Overdrive cover Feminism, Nadia Abushanab Higgins (ebook)
{non fiction, feminism, social sciences, women}
This book is a concise and well-written introduction to the concepts and movements embodied by the word ‘feminism,’ which author Nadia Abushanab Higgins describes as “America’s new F-word.” Although it does have an undeniable focus on the history and contemporary definitions of feminism in the United States, it still provides a useful international perspective on the movement through really interesting profiles of pioneers including Gloria Steinem, Rebecca Walker, Elizabeth Stanton, and more. If you’re interested in the intersectionality between feminism and the Black Lives Matter and #GiveNothingToRacism movements, we have a great introduction for you here.

NZ Book Awards for Children and Young Adults: YA Finalists!

Behold — the shortlist for the New Zealand Book Awards for Children and Young Adults has been announced and it is great. If you want to find out about the books that have been nominated for the children’s lit categories, check out our blog post on the matter, but on this blog we’re all about the YA, baby! Read on for our thoughts on this year’s Young Adult Fiction Award finalists, a slice of the book itself (where we can share it!), and for handy-dandy catalogue links so you can reserve them if you haven’t already read them!

Afakasi woman / Young, Lani Wendt
Our thoughts: Lani Wendt Young’s prose, as always, is searing, insightful, and thought-provoking. This collection of short stories puts a laser focus on the experiences and voices of Pasifika women, always sketched with the deftest of hands that combines a powerful evocation of place and voice with a keen sense for moral relativity throughout. Ultimately, the collection is a really freaking awesomely written exploration and discovery of the joys, trials, and day-to-day lives of women in the Pacific. Read it and discuss!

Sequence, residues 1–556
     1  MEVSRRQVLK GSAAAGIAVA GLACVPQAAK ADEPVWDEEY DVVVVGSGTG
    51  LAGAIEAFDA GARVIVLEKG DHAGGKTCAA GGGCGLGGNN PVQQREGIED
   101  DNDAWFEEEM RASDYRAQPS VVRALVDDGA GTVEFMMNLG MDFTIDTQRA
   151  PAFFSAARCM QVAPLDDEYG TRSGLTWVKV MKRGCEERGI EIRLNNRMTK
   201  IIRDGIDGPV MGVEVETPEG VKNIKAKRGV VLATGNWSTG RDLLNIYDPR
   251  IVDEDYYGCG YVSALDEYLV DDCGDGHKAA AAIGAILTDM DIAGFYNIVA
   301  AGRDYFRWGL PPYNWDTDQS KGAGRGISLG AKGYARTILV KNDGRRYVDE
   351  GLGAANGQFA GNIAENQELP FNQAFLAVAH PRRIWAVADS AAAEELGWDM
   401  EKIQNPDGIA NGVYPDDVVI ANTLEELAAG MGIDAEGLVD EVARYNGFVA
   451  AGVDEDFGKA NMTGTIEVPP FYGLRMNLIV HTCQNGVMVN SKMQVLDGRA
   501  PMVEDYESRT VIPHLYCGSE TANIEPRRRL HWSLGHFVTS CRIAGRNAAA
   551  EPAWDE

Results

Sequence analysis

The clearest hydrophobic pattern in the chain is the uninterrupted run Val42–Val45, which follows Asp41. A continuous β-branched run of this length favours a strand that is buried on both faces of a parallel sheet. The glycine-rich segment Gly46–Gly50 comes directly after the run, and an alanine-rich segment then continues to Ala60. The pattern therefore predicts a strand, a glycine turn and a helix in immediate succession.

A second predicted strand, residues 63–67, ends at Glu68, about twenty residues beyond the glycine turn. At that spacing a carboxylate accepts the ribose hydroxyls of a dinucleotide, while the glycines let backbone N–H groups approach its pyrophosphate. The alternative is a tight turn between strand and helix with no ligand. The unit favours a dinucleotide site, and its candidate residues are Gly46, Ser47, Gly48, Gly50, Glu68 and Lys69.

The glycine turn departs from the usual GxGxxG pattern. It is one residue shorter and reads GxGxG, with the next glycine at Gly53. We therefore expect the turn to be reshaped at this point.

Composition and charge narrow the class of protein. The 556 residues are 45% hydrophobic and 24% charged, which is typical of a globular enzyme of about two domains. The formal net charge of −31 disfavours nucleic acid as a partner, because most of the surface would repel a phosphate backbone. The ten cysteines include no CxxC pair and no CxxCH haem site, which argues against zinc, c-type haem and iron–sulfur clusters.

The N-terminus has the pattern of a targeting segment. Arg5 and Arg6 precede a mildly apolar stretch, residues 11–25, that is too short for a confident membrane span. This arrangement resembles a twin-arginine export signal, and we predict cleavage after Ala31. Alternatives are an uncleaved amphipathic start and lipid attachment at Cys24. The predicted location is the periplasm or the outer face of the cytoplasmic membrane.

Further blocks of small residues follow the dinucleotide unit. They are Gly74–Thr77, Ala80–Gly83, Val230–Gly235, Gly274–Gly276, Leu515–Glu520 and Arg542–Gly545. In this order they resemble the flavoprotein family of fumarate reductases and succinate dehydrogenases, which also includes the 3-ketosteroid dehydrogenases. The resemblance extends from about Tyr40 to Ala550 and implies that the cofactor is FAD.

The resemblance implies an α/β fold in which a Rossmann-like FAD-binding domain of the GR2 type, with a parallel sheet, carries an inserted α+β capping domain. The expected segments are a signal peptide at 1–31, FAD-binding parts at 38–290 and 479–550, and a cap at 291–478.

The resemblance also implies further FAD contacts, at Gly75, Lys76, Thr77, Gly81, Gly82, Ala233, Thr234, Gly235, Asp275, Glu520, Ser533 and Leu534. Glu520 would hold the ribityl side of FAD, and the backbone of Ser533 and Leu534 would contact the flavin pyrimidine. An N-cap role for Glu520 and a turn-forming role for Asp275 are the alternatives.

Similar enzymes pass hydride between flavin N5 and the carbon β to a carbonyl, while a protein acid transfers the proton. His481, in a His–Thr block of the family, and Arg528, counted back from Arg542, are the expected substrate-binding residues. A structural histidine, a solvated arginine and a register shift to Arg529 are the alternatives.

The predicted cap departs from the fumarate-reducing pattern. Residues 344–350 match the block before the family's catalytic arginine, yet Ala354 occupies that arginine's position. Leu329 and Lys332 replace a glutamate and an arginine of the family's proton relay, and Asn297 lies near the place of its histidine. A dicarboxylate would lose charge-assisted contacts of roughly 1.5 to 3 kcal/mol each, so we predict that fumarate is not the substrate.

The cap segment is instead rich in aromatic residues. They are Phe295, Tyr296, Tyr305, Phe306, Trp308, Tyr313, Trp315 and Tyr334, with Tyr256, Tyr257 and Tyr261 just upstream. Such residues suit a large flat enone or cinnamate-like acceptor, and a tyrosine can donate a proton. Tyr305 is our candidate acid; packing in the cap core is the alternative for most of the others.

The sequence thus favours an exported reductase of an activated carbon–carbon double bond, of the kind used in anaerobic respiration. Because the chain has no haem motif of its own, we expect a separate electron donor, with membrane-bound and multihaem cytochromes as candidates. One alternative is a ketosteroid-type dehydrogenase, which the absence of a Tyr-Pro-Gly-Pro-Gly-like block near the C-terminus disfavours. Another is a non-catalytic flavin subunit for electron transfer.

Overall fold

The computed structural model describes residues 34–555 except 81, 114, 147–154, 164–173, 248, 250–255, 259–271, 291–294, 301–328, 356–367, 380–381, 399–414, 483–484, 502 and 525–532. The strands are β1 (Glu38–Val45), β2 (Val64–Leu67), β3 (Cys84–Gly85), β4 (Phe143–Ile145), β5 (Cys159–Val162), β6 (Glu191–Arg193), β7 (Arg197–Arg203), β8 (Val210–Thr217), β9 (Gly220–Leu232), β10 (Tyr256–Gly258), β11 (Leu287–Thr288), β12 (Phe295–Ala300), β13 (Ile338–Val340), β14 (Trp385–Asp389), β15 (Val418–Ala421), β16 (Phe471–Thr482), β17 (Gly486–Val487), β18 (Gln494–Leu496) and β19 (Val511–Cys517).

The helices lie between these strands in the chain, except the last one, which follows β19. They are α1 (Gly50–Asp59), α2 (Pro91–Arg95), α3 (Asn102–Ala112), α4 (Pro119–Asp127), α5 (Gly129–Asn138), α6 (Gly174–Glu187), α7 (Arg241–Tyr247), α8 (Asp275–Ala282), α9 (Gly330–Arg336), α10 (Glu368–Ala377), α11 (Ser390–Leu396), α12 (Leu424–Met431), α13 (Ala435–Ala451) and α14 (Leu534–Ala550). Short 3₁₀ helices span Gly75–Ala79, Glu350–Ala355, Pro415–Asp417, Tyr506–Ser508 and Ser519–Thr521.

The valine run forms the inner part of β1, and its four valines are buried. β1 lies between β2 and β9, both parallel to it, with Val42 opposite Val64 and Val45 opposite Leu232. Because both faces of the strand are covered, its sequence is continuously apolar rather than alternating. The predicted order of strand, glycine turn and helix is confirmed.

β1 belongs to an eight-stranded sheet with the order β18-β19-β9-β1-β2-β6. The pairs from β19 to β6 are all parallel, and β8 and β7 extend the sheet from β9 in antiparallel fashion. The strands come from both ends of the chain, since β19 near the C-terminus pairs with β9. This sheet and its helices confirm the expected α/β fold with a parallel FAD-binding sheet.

Aspiring / Wilkins, Damien
Our thoughts: We loved the verbosity and relatability of 15-year-old Ricky’s near-constant internal monologue throughout this book — it’s full of the kinds of observations about life in a small town that we recognise and empathise with. It’s exciting to see the author’s bold and unpretentious voice applied to young adult themes and characters for the first time in this book, and we’re hoping there’s more to come in this space in the future!

Pete’s was where I had an after-school job. There was no one at the restaurant called Pete. The owner’s name was Garth but he hadn’t got around to changing the name. He didn’t want to climb on a ladder and paint it up. ‘Besides,’ Garth said, ‘who’d want to come to a place called Garth’s? Sounds like someone clearing his throat.’

I wouldn’t have needed a ladder.

— Damien Wilkins, Aspiring, Massey University Press, 2020.

The History Speech / Sweet, Mark (coming soon to our libraries!)
Our thoughts: In this book Mark Sweet refuses to shy away from some pretty heavy themes — child abuse, drug use, suicide, sexuality, the works. It’s an engrossing tale set in 1960s New Zealand, only the cheery Kiwiana facade is starting to crumble, revealing the universal (and existential) angst beneath. Callum’s voice and unique perspective kept us turning the pages with alacrity, and his tale of self-discovery is not one we think you should miss.